Machine learning is pushing big businesses forward with data-driven insights. But the question, "what is data management?" isn't just for enterprise companies.
Managing data involves a lot of different ideas and variables, which can get confusing. But small teams can improve revenue, productivity, and the customer experience with data.
There are many easy-to-use SaaS, iPaaS, and cloud-based services to collect, store, maintain, and integrate your data. But what is data management? And why is it important? What is a data management strategy and what tools can you use to collect, store, and analyze your data?
Keep reading for the answers to these questions and more, or jump to the section you're looking for:
What is data management?
Data management is the effective practice of collecting, storing, protecting, delivering, and processing data. In business, data is usually associated with customers, prospects, employees, deals, competitors, and finances. When an organization effectively manages data, they gain insights that drive business decisions.
Protecting your data should be a priority throughout the entire process, especially as data privacy concerns rise and ransomware attacks become rampant.
Since business applications and the databases within them come in all sizes, each company should take its own approach to these stages. You should do so considering your particular technology ecosystem and, if necessary, define and add new steps to the process.
Data cleansing, for instance, might be a small and short step for a startup with limited data. But an enterprise-level company might need to prioritize it early on in the process.
Examples of Data Management
Data management is complex and has a lot of variables. These data management plans can help you visualize the scope of data management within a business.
University of Minnesota
Dallas City Hall
Types of Data Management
Managing data is a complicated job that impacts every facet of your business. Data management might include daily tasks, policy creation, or maintaining processes. So, whether you’re researching big data or master data, you'll use many types of data management.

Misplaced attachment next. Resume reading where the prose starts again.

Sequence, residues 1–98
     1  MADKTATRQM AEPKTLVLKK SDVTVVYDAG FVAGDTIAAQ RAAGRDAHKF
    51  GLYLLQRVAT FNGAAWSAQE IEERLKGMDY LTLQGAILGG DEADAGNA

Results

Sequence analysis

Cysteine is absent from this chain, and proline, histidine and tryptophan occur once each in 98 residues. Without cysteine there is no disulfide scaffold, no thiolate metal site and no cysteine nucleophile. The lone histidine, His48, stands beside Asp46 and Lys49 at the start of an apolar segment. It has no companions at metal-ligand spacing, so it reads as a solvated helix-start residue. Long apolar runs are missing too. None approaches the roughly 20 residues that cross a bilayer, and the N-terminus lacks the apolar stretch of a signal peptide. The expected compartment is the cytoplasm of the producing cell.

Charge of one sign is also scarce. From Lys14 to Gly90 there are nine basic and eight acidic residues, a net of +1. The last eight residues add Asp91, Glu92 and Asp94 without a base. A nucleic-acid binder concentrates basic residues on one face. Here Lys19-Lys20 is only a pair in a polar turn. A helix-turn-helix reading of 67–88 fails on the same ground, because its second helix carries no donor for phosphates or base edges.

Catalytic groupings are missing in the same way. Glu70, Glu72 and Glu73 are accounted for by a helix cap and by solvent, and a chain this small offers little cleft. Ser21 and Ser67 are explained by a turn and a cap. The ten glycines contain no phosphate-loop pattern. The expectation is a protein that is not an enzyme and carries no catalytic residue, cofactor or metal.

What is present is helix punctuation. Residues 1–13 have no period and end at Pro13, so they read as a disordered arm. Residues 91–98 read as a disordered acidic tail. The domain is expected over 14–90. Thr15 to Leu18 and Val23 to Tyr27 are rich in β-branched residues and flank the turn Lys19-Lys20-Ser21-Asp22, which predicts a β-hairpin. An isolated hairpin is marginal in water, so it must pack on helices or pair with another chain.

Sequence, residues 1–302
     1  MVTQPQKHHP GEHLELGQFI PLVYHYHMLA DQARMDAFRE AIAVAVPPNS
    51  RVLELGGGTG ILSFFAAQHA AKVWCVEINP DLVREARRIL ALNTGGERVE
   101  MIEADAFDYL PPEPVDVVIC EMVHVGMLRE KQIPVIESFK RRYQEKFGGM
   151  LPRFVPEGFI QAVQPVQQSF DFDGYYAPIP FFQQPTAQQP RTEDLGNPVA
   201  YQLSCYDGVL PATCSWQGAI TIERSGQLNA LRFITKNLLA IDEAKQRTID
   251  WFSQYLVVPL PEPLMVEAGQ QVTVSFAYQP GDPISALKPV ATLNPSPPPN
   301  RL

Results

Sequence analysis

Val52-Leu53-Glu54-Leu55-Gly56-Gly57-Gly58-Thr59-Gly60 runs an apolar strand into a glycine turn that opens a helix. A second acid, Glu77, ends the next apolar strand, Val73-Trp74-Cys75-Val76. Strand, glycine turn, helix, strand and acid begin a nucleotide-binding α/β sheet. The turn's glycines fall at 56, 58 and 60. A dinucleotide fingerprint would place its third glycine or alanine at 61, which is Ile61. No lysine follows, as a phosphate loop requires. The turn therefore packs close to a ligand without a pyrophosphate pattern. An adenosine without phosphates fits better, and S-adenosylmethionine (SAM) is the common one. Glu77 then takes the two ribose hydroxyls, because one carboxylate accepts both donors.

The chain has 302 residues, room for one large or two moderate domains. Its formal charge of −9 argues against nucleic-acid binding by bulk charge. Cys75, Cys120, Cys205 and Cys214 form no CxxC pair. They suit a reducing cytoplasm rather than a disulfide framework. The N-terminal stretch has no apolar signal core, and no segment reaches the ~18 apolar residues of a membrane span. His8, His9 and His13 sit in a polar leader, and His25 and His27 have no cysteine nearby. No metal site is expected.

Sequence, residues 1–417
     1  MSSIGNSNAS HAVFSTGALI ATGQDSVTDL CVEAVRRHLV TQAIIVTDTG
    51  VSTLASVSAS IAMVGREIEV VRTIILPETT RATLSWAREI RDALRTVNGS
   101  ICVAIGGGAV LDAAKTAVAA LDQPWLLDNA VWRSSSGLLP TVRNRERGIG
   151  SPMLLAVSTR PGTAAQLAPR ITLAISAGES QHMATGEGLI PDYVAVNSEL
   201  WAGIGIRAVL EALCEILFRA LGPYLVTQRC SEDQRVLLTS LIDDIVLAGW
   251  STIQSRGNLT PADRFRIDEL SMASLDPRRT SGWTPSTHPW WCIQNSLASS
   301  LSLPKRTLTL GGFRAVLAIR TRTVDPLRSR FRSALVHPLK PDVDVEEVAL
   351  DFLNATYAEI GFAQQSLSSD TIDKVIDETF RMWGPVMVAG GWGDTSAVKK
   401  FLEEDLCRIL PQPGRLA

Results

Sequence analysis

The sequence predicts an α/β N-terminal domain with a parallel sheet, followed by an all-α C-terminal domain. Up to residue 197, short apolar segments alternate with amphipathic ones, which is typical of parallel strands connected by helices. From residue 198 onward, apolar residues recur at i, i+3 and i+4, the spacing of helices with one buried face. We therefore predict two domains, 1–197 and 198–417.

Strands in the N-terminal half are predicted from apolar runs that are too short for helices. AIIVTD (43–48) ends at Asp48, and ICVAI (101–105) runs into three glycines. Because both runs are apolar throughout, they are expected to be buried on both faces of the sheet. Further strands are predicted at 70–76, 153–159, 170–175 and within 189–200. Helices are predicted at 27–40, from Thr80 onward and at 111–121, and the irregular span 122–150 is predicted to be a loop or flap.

Data Lifecycle Management
In simple terms, DLM identifies the different stages that information flows through and creates policies to manage each one of those stages.
The ultimate goal of this framework is to maximize the useful life of your data.
The stages or steps of DLM are:
- Deletion or destruction
DLM is mostly used by big companies working with massive amounts of data that need to be categorized into tiers, often with complex automation.
For smaller businesses, it can also be a useful structure to keep in mind to create scalable data management strategies.
A data pipeline is the path that a group of data takes from one system to another. Sometimes following these paths changes the data, but other times the data stays the same.
For example, say you are a HubSpot customer working on a Google Ads campaign. Your paid ad data moves from Google Ads into your HubSpot dashboard through the integration. This allows you to analyze paid ad data from multiple platforms in one spot.
For ease of comparison, you can make changes to the data through this process, for example, matching the time zones. You can also leave the data the same.
ETLs (Extract, Transform, Load)
ETLs are a popular type of data pipeline. They make it easier for businesses to pull data from multiple sources into a single source. During the process, the data moves through three steps:
Extraction: Pulling data from a database.